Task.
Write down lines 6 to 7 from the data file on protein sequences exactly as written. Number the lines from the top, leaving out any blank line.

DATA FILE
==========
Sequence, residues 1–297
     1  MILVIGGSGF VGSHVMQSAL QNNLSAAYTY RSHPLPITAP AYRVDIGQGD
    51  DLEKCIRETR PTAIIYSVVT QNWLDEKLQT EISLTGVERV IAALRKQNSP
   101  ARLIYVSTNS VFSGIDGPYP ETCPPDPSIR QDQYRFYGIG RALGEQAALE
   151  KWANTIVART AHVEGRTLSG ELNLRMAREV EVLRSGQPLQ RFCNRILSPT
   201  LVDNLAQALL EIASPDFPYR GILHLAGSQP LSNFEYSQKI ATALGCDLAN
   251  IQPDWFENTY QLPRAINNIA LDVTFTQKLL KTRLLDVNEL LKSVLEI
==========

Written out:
   201  LVDNLAQALL EIASPDFPYR GILHLAGSQP LSNFEYSQKI ATALGCDLAN
   251  IQPDWFENTY QLPRAINNIA LDVTFTQKLL KTRLLDVNEL LKSVLEI